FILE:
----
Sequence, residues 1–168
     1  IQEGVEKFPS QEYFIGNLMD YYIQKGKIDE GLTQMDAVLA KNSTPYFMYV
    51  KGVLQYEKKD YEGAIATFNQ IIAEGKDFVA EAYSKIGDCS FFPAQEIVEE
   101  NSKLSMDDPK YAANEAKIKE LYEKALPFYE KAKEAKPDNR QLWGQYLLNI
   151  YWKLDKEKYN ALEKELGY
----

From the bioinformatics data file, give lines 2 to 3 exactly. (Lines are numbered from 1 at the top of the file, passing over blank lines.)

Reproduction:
     1  IQEGVEKFPS QEYFIGNLMD YYIQKGKIDE GLTQMDAVLA KNSTPYFMYV
    51  KGVLQYEKKD YEGAIATFNQ IIAEGKDFVA EAYSKIGDCS FFPAQEIVEE